Srini Rao (@unmistakableceo) is the host and founder of the Unmistakable Creative podcast and author of An Audience of One: Reclaiming Creativity for Its Own Sake.

What We Discuss with Srini Rao:

  • How an ADHD diagnosis in his mid-twenties and the inability to hold down a real job forced Srini to develop his own tools and systems for harnessing creativity and boosting production.
  • Why expressing your creativity on a regular basis — even when it’s done without the intention of reaching an audience or being commercially successful — can be incredibly beneficial to every area of your life.
  • Research shows that being creative can actually make you happier, help you recover from trauma, and increase your productivity.
  • How you can cultivate your own creativity even if you’re the type of person who thinks you don’t have any to begin with.
  • Why you don’t have to be a creative genius or successful artist to take advantage of the creativity-happiness connection.
  • And much more…

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An Audience of One: Reclaiming Creativity for Its Own Sake by Srinivas RaoCreativity is one of those black box topics that sometimes doesn’t even look like a skill. Are you born with it? Can you cultivate it? Why are some people so much more creative than others? What does being creative even mean in the first place?

In this episode, Unmistakable Creative host and An Audience of One: Reclaiming Creativity for Its Own Sake author Srini Rao tells us not only how he decided to tackle these questions, but why he was forced to do so as he struggled himself to fit the mold of society’s expectations. Listen, learn, and enjoy!

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More About This Show

In his new book, An Audience of One: Reclaiming Creativity for Its Own Sake, Srini Rao extols the virtues of creating with the aim of self-satisfaction before all else.

“It is an incredibly counterintuitive message,” says Srini, “particularly when we live in a world where every aspect of our humanity is quantified. We know how many friends we have on Facebook. You know how many likes you get on every post. You know how many followers you have on Twitter. You know how many hearts you get every time you post on Instagram. But when you look at really successful, creative people throughout history, one of the interesting patterns that emerged was that they made themselves the number one priority in their work. They made creating great work the priority and an audience of millions, paradoxically, was the by-product of focusing on an audience of one.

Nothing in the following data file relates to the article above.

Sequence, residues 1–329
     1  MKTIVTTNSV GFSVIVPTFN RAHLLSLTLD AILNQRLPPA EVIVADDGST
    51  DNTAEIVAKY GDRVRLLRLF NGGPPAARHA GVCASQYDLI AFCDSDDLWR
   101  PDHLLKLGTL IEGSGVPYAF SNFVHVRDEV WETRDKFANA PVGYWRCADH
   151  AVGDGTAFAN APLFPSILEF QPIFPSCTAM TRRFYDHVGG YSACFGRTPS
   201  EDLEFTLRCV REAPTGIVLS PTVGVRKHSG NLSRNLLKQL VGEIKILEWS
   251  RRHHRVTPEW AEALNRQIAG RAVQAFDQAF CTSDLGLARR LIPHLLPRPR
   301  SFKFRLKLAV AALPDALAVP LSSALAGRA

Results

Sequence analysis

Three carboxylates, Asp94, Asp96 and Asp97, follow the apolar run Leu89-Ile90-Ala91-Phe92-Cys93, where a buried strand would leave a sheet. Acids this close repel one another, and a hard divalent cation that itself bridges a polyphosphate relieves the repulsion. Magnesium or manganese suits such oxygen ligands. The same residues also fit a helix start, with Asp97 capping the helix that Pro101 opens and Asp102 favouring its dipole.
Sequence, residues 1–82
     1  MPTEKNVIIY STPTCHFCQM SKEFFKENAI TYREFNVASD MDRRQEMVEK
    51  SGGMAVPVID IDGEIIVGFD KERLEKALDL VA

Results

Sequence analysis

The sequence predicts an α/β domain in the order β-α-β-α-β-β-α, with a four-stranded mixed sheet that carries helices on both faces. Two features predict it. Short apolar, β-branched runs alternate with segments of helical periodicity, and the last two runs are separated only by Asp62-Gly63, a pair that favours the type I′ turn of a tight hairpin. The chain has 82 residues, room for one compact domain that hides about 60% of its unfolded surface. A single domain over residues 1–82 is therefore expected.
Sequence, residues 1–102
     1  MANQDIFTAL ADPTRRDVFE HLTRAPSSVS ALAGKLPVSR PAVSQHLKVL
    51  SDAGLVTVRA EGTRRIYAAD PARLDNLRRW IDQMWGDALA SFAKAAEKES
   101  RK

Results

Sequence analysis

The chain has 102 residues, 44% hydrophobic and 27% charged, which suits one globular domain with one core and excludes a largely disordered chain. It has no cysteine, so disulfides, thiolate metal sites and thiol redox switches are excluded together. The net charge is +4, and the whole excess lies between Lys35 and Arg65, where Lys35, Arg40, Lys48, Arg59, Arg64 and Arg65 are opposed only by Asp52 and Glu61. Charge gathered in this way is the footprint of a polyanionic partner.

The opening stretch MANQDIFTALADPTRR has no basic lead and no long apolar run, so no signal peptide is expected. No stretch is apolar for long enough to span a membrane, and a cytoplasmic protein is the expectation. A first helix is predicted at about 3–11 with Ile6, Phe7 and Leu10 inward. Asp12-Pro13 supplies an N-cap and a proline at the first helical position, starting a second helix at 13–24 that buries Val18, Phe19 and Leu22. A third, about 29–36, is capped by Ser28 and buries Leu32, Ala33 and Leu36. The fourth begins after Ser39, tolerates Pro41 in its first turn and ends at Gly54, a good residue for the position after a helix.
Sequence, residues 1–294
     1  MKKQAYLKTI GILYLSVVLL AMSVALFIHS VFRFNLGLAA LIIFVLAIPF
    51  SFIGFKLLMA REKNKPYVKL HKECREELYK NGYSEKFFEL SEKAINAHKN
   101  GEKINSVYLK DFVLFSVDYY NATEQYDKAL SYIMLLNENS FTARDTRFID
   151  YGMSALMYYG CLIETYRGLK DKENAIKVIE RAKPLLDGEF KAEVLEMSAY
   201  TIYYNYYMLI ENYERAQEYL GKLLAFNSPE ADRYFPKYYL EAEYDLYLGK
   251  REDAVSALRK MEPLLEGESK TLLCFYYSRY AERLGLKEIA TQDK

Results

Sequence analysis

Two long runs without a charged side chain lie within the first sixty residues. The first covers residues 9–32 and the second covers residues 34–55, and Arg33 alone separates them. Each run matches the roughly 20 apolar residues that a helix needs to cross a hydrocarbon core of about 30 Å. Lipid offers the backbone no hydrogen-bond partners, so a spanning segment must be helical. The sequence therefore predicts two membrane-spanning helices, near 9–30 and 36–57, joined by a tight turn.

“When we say ‘creating an audience of one,’ we’re not saying create something that’s absolutely lousy that doesn’t deserve an audience — that’s not worthy of an audience’s attention. I think that so often we try really hard to get somebody’s attention, and I think the question we should be asking instead of ‘How do I get somebody’s attention?’ is ‘How do we create something that’s worthy of somebody’s attention?’”

The idea, at its core, is not to produce something of low quality that wouldn’t pass the muster of anyone but its creator, but to focus on creating something that’s so good other people can’t help but pay it heed. Oprah could have pandered to the Jerry Springer crowd for the sake of ratings when she began her talk show, but forging her own path in her own way won the race in longevity and legacy many times over. Being derivative of something that’s already proven successful in the court of public opinion may seem like a sure bet, but it doesn’t usually stand the test of time.

“Let’s say for example that you see a book on the New York Times Best Seller list,” says Srini. “And you basically go through that book, you outline it, you extract it as a formula, and then you try to create that book based on everything that you read about it, you’re not going to end up writing a New York Times Best Seller, because all you’ve created is a pale imitation of something that already exists. And yet that is the sort of default way in which we’ve been taught to do creative work for the last 10 years because of the fact that everybody else’s work is on display.”

Listen to this episode in its entirety to learn more about how Srini himself avoids creating these pale imitations, a unique spin on the interview-style podcast he’d like someone to create, why resisting metrics that rely on the approval of others keeps control in the court of the creator, the accidental path that led Srini to become a prolific content creation machine, how creativity can help you recover from trauma and increase productivity, what David Bowie understood about playing to an audience of one, and much more.


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Click here to thank Srini Rao at Twitter!

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